Saturday, January 16, 2016


The hearing is set to open on 15 February and close on 3 March unless more time is needed.

The court challenge of the results of the 2015 Presidential election was mentioned in court on Thursday 14th January and hearing will start on Monday 15 February, the Chief Justice announced.

This information was also conveyed to stakeholders in a meeting between the lawyers of the Union for Change movement, those of the respondents in the case and Chief Justice Mathilda Twomey on Wednesday.

Antoine Onezime; CEO of SBC
 The hearing will go on for two weeks straight, following which “an assessment will be carried out to evaluate the progress and decisions will be taken,” the Seychelles National Party (SNP) leader, Wavel Ramkalawan explained in a post of social media. This will happen on 3 March.

The respondents - James Michel, Hendrick Gappy, the Chairperson of the Electoral Commission and the Attorney General, Ronny Govinden, have be given 14 days to file their defense. The court will reconvene on 9 February and more time will be granted if such is needed until the hearing begins on 15 February.

 Because of the high public interest of the case, the Union for Change movement had requested that the court case be filmed by the Seychelles Broadcasting Corporation (SBC) and that it is also projected outside the courtroom on a big screen for opposition supporters who would not be able to gain admittance to the courtroom which can only accommodate 48 persons.

But Mr Ramkalawan said that “the SBC have said that they do not have the resources”, to film the hearing. Three lawyers have also been assigned the responsibility of producing a daily summary of the day’s proceedings which will be made available to the public.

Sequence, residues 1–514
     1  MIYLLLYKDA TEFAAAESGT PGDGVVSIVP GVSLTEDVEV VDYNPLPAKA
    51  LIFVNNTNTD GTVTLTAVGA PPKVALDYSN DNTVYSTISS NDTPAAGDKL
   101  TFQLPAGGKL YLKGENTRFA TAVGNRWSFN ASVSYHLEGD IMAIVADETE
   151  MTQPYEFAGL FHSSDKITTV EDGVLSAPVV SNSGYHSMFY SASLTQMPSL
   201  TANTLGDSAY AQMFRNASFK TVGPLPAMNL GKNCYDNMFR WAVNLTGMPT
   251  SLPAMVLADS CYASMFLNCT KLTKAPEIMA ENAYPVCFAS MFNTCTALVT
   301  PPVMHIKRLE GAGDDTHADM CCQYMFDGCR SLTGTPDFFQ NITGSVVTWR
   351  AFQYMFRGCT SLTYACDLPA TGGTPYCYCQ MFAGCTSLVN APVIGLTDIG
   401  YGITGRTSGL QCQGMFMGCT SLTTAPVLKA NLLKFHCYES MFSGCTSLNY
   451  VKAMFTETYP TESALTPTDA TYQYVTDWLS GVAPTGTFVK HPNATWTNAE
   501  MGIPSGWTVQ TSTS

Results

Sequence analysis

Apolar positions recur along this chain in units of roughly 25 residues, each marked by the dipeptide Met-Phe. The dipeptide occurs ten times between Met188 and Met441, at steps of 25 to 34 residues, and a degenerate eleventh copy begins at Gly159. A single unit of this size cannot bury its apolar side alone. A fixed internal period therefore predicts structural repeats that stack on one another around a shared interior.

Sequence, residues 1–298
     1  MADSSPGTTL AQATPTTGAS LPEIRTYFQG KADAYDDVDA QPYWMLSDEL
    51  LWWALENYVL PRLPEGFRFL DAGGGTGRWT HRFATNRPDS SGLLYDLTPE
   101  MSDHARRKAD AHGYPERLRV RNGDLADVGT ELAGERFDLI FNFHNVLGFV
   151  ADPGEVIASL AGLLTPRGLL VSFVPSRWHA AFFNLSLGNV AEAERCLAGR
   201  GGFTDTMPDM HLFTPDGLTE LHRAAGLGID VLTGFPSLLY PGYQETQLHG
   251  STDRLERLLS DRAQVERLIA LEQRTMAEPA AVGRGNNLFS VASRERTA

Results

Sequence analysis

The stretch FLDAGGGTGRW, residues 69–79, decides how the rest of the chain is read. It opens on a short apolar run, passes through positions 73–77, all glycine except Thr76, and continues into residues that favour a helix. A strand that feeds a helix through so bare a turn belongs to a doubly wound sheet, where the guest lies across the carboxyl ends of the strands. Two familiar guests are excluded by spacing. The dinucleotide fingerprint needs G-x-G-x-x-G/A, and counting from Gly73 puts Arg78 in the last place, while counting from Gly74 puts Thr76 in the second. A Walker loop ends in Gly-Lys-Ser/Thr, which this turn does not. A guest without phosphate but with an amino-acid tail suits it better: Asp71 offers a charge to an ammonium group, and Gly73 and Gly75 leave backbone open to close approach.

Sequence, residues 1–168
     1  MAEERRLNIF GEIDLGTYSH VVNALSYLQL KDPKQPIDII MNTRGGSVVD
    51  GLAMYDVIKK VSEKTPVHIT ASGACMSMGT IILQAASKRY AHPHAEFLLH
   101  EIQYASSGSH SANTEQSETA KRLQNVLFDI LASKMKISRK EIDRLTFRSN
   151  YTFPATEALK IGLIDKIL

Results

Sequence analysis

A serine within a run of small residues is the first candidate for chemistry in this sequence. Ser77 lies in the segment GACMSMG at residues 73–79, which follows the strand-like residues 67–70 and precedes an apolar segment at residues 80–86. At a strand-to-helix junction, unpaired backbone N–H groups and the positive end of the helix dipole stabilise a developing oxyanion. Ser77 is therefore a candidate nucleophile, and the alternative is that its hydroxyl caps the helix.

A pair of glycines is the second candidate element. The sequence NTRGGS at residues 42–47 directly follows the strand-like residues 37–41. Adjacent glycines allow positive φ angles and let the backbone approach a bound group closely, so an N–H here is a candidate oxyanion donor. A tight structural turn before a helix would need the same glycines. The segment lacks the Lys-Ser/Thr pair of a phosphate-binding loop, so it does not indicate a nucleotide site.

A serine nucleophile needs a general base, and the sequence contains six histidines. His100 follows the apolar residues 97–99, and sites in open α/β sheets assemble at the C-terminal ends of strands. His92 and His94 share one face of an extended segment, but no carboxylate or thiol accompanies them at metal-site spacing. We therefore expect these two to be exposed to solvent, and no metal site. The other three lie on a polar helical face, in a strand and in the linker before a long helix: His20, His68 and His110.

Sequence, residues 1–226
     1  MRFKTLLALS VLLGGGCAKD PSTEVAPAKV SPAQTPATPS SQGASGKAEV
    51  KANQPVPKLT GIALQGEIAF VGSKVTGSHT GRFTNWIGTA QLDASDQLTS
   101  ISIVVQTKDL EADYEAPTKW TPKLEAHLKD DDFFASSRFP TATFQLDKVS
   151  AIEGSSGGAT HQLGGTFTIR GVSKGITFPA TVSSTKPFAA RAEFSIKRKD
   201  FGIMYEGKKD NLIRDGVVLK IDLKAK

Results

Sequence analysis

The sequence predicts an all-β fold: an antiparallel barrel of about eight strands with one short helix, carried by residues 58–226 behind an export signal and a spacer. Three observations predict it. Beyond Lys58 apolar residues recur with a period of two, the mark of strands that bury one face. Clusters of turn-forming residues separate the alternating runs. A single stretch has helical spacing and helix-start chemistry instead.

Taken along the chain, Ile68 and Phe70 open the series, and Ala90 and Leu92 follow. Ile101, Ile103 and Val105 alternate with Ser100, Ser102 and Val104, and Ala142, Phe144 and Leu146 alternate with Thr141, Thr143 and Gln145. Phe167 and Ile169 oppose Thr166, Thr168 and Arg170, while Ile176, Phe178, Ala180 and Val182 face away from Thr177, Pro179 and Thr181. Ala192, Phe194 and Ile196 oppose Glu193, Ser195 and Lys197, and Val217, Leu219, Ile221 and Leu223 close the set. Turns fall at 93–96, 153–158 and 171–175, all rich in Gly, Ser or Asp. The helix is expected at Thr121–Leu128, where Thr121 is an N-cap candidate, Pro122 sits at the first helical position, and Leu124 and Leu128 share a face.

The petitioner, Mr Ramkawalan is represented by a team of lawyers led by Bernard Georges, while Basil Hoareau is representing James Michel, Samantha Aglae is representing the Electoral Commission and the Attorney General’s office is represented by David Esparon. Some 80 witnesses are expected to be heard during the court of the trial.

The two petitions were filed after the Presidential runoff which took place between 16 and 18 December.

The first petition lodged on December 28 requests that the Constitutional court declares null and void the results of the second round and the subsequent “election” of James Michel as it alleges that the Electoral Commission wrongly calculated the results. The petition wants the Constitutional court to interpret clearly what the Constitution says regarding the calculation of the percentage of votes.

The second, an Election petition filed on January 5, claimed that the Presidential runoff did not comply with certain provisions of the Elections Act and that the election was not free and fair because numerous illegal practices were committed by the ruling party, Parti Lepep.

Source:Today in Seychelles